In junior high, I wrote in my diary,“Maybe someday I’ll make my own children’s books, illustrations and all.” As the years slipped by, I didn’t forget about someday, but I was just so busy with today. Writing and illustrating could wait until later, when I had more time.
Then, in my mid-thirties, I had heart surgery, and when I woke up, I could hear my artificial valve ticking. Medical technology had saved my life, and our children called me the Bionic Woman.
But to me that tick tick, tick tick was the sound of a small internal clock, a constant reminder of the passage of time. I needed to get to work.
My first short story was published in a tiny magazine two years later. Encouraged, I tapped out more stories on a manual typewriter and sent them off – lots of them – and some were accepted by magazines such as Cricket and Highlights.
Don’t Call Me Marda was written chapter-by-chapter in long hand on notebook paper and typed on an electric typewriter.
After several rejections, I discovered a recurring misspelled word in the manuscript. The next revision was done on a computer with a newfangled invention, Spell Check, that corrected my “creative” spelling.
Soon I found a home for my novel with a small company, Our Child Press, that focuses on the topics of adoption and foster care. It was a good match. I even got to illustrate each chapter, and my book was published in 1990.
Two decades later, I still love Spell Check, but despite being “bionic,” I’m overwhelmed by the amazing advancements in technology. Without my husband, a patient and knowledgeable computer expert, I would have dismissed the idea of submitting anything to a publisher such as Stephen Roxburgh who has become an enthusiast of all things digital.
When I first heard Roxburgh talk about children’s literature it was the early 1990s before iPads, nooks, or tweets. He was the children’s book publisher at Farrar, Straus, and Giroux, and he was participating in a panel discussion at an American Library Association conference. His knowledge and commitment were impressive, and I thought having him for an editor would be a great experience. Maybe someday . . .
In 2000, Roxburgh was the publisher at Front Street/Cricket Books, which accepted my novel The Shadowed Unicorn. Although he was not my editor, he did become acquainted with my work.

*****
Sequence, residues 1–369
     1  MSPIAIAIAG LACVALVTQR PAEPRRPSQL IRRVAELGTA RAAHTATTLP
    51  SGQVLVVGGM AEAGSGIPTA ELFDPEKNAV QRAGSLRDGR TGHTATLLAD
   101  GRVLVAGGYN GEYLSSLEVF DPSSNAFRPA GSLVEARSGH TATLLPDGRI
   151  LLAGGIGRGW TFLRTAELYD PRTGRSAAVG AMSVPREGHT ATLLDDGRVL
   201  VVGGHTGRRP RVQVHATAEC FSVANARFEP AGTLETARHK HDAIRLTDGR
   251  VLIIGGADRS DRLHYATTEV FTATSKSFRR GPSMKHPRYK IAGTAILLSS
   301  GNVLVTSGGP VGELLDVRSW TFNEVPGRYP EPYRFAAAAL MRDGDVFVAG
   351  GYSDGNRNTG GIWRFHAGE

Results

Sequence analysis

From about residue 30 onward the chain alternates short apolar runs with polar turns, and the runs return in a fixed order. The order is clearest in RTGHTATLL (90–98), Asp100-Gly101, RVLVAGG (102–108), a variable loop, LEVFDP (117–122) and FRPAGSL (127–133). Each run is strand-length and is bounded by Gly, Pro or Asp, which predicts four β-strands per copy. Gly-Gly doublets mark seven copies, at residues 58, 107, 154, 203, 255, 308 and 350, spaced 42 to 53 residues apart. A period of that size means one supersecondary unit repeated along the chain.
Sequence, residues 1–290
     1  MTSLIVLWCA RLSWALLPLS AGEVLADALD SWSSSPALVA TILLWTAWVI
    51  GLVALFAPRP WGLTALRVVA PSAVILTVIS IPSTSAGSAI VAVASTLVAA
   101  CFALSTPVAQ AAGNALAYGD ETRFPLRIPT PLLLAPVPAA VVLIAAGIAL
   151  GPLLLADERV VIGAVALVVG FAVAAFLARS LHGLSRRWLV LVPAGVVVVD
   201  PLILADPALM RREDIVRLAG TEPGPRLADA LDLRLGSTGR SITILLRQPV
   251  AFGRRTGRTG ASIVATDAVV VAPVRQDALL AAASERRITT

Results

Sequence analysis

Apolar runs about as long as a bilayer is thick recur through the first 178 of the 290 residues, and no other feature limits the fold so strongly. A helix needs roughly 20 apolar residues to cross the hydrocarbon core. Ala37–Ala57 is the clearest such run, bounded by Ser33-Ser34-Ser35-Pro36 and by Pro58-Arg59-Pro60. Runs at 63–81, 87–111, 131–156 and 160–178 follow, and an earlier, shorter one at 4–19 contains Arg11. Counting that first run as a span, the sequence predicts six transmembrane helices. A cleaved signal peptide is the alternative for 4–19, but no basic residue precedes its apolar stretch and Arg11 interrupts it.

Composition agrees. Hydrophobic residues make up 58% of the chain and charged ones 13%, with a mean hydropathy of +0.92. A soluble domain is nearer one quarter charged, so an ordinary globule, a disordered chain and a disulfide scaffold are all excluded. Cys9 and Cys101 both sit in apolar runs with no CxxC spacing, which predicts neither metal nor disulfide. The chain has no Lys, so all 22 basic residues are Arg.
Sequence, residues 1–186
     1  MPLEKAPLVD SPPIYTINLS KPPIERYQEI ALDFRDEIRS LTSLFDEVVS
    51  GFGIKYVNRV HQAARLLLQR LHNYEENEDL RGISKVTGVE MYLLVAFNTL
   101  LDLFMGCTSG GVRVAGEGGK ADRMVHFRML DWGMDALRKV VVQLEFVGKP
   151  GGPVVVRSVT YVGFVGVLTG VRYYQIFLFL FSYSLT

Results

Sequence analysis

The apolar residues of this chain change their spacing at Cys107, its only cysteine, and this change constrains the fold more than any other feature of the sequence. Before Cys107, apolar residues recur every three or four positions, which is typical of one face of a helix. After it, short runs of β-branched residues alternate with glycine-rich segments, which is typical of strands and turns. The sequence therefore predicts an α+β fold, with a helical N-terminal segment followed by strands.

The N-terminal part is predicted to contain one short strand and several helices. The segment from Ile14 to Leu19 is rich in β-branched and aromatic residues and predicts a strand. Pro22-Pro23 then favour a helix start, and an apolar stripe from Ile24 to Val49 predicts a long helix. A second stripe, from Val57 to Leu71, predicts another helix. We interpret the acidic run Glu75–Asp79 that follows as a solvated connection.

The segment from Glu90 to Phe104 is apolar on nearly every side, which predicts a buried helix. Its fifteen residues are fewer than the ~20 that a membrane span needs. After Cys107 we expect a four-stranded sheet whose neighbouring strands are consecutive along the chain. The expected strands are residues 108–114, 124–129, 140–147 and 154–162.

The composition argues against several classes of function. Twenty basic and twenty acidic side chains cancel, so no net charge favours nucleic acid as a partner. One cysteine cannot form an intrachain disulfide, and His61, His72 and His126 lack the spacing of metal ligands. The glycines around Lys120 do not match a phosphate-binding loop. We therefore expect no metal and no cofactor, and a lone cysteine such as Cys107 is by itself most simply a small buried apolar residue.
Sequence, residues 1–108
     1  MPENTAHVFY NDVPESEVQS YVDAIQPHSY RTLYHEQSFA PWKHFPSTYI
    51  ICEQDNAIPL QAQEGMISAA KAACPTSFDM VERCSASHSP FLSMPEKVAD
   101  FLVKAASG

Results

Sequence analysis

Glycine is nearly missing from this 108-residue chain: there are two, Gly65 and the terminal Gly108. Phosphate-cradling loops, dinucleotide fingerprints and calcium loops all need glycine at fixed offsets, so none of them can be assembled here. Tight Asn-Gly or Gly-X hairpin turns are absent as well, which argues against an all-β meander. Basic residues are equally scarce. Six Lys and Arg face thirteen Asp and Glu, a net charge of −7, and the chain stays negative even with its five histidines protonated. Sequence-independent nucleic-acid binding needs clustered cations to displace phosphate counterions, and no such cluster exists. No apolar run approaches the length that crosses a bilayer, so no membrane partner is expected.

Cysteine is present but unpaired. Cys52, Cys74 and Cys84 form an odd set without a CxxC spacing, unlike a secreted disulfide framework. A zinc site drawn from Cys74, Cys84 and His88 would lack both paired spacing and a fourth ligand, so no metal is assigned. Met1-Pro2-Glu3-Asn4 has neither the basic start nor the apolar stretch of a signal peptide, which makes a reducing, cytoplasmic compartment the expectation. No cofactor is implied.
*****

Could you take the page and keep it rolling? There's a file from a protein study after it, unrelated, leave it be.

Several career moves later, he founded namelos. At first, this company functioned mainly as an editorial service, but in the fall of 2009, namelos expanded into book publication.
I submitted a novel – unsolicited– and paid a fee (later refunded) for what was to be a detailed evaluation and critique.
Instead, Roxburgh wanted to publish it, and I signed a contract three weeks later. Working with him and the other talented members of the namelos staff has been just as wonderful as I’d anticipated.
Waiting to Forget was released by namelos on Oct. 1. The novel begins and ends in a hospital, and in between, twelve-year-old T.J. struggles with memories of his difficult other life, before he was adopted, and with the reason why his little sister now lies unconscious in the emergency room.
In some ways this novel has much in common with Don’t Call Me Marda. Both were inspired by my experience adopting school-age children; both deal with the turmoil that seems typical when older kids join a family; and both stories, although fiction, concern a topic with emotional resonance for me.
But the process involved in creating, publishing, and marketing each of these titles has been quite different. And it illustrates the massive changes in technology that have occurred in the past twenty years. Electronic submission, e-mail correspondence, editing on-line, print-on-demand production of paperbacks and hardcovers, e-book formats, and Internet marketing – all of these are employed by namelos and are part of this astonishing new digital age.
|Sheila and Tristan|
Thirty years have gone by since the surgery that gave me the chance to fulfill my childhood dream of making books. Sometimes I think someday must have arrived by now. But the tick tick of my internal reminder urges me to create more stories that are dear to my heart.
Enter to win a signed copy of Waiting to Forget by Sheila Kelly Welch (namelos, 2011)! To enter, comment on this post and include an email address (formatted like: cynthia at cynthialeitichsmith dot com) or a link to an email address. Or email Cynthia directly with "Waiting to Forget" in the subject line. Author-sponsored. Eligibility: U.S. Deadline: midnight CST Nov. 7.